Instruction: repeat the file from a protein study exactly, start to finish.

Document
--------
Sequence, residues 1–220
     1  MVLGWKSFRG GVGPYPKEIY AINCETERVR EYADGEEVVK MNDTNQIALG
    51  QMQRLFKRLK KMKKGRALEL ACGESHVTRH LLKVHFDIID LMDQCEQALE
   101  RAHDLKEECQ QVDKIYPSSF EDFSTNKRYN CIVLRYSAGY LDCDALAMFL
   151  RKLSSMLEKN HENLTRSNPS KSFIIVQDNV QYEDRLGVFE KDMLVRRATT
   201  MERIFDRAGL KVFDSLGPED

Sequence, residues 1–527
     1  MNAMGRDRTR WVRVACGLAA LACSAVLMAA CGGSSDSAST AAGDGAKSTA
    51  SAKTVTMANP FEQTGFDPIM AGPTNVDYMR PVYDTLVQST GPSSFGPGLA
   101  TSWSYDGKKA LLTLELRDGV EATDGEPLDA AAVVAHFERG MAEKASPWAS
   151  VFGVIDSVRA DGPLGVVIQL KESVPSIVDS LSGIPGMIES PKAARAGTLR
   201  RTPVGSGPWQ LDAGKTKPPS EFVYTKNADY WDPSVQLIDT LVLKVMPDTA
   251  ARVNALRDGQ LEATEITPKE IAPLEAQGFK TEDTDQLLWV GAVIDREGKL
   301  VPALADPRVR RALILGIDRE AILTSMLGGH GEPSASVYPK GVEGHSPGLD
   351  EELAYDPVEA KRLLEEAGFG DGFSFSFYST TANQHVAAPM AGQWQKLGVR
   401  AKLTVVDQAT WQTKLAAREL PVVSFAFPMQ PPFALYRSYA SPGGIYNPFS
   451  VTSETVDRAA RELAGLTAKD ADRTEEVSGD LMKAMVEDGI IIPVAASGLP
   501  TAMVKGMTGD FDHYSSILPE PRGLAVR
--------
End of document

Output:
Sequence, residues 1–220
     1  MVLGWKSFRG GVGPYPKEIY AINCETERVR EYADGEEVVK MNDTNQIALG
    51  QMQRLFKRLK KMKKGRALEL ACGESHVTRH LLKVHFDIID LMDQCEQALE
   101  RAHDLKEECQ QVDKIYPSSF EDFSTNKRYN CIVLRYSAGY LDCDALAMFL
   151  RKLSSMLEKN HENLTRSNPS KSFIIVQDNV QYEDRLGVFE KDMLVRRATT
   201  MERIFDRAGL KVFDSLGPED

Sequence, residues 1–527
     1  MNAMGRDRTR WVRVACGLAA LACSAVLMAA CGGSSDSAST AAGDGAKSTA
    51  SAKTVTMANP FEQTGFDPIM AGPTNVDYMR PVYDTLVQST GPSSFGPGLA
   101  TSWSYDGKKA LLTLELRDGV EATDGEPLDA AAVVAHFERG MAEKASPWAS
   151  VFGVIDSVRA DGPLGVVIQL KESVPSIVDS LSGIPGMIES PKAARAGTLR
   201  RTPVGSGPWQ LDAGKTKPPS EFVYTKNADY WDPSVQLIDT LVLKVMPDTA
   251  ARVNALRDGQ LEATEITPKE IAPLEAQGFK TEDTDQLLWV GAVIDREGKL
   301  VPALADPRVR RALILGIDRE AILTSMLGGH GEPSASVYPK GVEGHSPGLD
   351  EELAYDPVEA KRLLEEAGFG DGFSFSFYST TANQHVAAPM AGQWQKLGVR
   401  AKLTVVDQAT WQTKLAAREL PVVSFAFPMQ PPFALYRSYA SPGGIYNPFS
   451  VTSETVDRAA RELAGLTAKD ADRTEEVSGD LMKAMVEDGI IIPVAASGLP
   501  TAMVKGMTGD FDHYSSILPE PRGLAVR